Most recent article: Gold trades flat after pulling back on PBoC news

  • Gold stumbles after peaking at $2,391 amid revived risk appetite.
  • Mixed US jobs data fuel speculation of an imminent Federal Reserve rate cut.
  • China's PBoC halts Gold purchases, impacting bullion prices alongside falling Treasury yields.

The Gold price made a U-turn on Monday, trimming some of last Friday's gains and tanking more than 1% as risk appetite returned. US equities posted gains, while US Treasury bond yields edged lower. The XAU/USD trades at $2,358 after hitting a daily high of $2,391.

Last week’s US NFP report was mixed. June figures exceeded estimates, but April's and May’s downward revisions hinted that the US jobs market is cooling sharply. Consequently, the US Unemployment Rate ticked higher, spurring speculation that the Federal Reserve (Fed) could slash interest rates sooner than expected.

Bullion prices were also hurt by the People Bank of China’s (PBoC) decision not to buy Gold in June, as in May. China held 72.80 million troy ounces of the precious metal at the end of June.

The US 10-year Treasury bond yield fell almost two basis points to 4.27%, reflecting that market players expect the Fed to lower borrowing costs amid the chances of hurting the labor market.

According to data from the CME FedWatch Tool, investors are pricing in 73% odds of a Fed rate cut in September, up from 71% last Friday.

The US economic docket will feature Fed Chairman Jerome Powell's semi-annual Congressional Testimony and the release of inflation figures on the consumer and producer sides. Initial Jobless Claims and the University of Michigan Consumer Sentiment will also complement the schedule.

Daily digest market movers: Gold price slumps ahead of Fed’s Powell speech

  • US CPI is expected to decrease from 3.3% to 3.1% YoY in June, while core inflation is projected to remain steady at 3.4% YoY.
  • According to the consensus, Initial Jobless Claims for the week ending July 6 are expected to increase from 238K to 240K.
  • July Consumer Sentiment is set to improve to 68.5, up from 68.2 in June, according to the consensus.
  • Federal Open Market Committee (FOMC) June Meeting Minutes showed that most participants estimated that the current policy is restrictive but had opened the door for rate increases. Policymakers acknowledged the economy is cooling and could react to unexpected economic weakness.
  • December 2024 fed funds rate futures contract implies that the Fed will ease policy by 39 basis points (bps) toward the end of the year.

Technical analysis: Gold price retreats below Head-and-Shoulders neckline

Gold price has retreated after decisively breaking the Head-and-Shoulders neckline, which witnessed the XAU/USD price travel to $2,392 before slumping toward $2,357, the current exchange rate, opening the door for a consolidation.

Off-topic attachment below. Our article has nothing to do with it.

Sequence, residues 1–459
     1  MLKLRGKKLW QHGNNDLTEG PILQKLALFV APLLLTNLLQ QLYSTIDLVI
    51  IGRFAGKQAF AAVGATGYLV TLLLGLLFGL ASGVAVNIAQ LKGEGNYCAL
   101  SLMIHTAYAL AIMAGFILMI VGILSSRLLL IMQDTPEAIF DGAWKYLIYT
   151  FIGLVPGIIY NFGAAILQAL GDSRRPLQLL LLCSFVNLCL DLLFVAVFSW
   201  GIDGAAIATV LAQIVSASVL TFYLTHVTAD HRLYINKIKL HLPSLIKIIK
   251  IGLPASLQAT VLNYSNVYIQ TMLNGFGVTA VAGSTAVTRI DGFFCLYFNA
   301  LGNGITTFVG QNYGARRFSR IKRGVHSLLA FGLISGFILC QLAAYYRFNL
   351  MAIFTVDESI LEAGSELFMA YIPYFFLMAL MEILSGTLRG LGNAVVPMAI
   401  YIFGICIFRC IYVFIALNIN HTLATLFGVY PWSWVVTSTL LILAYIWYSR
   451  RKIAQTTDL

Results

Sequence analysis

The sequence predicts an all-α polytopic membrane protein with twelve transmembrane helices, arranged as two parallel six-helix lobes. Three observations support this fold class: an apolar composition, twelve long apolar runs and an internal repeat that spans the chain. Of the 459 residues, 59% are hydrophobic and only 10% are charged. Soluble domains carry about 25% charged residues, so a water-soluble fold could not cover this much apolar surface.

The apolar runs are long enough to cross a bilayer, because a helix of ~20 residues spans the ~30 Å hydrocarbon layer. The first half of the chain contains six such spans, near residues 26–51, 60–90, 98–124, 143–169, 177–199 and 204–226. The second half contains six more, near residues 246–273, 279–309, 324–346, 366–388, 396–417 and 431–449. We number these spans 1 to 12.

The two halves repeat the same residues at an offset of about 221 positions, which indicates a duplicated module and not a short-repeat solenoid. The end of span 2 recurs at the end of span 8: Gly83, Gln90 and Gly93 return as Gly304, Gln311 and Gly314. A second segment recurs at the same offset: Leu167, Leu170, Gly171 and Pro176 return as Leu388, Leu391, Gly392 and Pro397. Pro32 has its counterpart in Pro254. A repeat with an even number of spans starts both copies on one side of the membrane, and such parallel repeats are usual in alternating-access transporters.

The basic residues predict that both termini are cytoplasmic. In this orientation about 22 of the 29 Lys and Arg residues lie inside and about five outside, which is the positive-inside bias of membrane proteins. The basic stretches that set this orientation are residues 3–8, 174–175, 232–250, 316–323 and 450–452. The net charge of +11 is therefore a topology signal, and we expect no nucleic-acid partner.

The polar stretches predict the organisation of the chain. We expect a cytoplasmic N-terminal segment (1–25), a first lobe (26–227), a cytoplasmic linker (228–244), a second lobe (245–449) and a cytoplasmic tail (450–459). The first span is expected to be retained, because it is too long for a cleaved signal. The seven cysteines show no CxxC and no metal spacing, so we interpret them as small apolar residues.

Momentum shows buyers are losing steam, with the Relative Strength Index (RSI) decelerating toward the 50-neutral line, which, if crossed, will hint that sellers are moving in.

If XAU/USD drops below $2,350, further declines could target the $2,300 level. If this support fails, the next demand zone would be the May 3 low of $2,277, followed by the March 21 high of $2,222.

On the other hand, if Gold prices climb above $2,400, further upside is seen, with the next resistance lying at the YTD high of $2,450, ahead of the $2,500 mark.

Gold FAQs

Gold has played a key role in human’s history as it has been widely used as a store of value and medium of exchange. Currently, apart from its shine and usage for jewelry, the precious metal is widely seen as a safe-haven asset, meaning that it is considered a good investment during turbulent times. Gold is also widely seen as a hedge against inflation and against depreciating currencies as it doesn’t rely on any specific issuer or government.

Central banks are the biggest Gold holders. In their aim to support their currencies in turbulent times, central banks tend to diversify their reserves and buy Gold to improve the perceived strength of the economy and the currency. High Gold reserves can be a source of trust for a country’s solvency. Central banks added 1,136 tonnes of Gold worth around $70 billion to their reserves in 2022, according to data from the World Gold Council. This is the highest yearly purchase since records began. Central banks from emerging economies such as China, India and Turkey are quickly increasing their Gold reserves.

Gold has an inverse correlation with the US Dollar and US Treasuries, which are both major reserve and safe-haven assets. When the Dollar depreciates, Gold tends to rise, enabling investors and central banks to diversify their assets in turbulent times. Gold is also inversely correlated with risk assets. A rally in the stock market tends to weaken Gold price, while sell-offs in riskier markets tend to favor the precious metal.

The price can move due to a wide range of factors. Geopolitical instability or fears of a deep recession can quickly make Gold price escalate due to its safe-haven status. As a yield-less asset, Gold tends to rise with lower interest rates, while higher cost of money usually weighs down on the yellow metal. Still, most moves depend on how the US Dollar (USD) behaves as the asset is priced in dollars (XAU/USD). A strong Dollar tends to keep the price of Gold controlled, whereas a weaker Dollar is likely to push Gold prices up.

 

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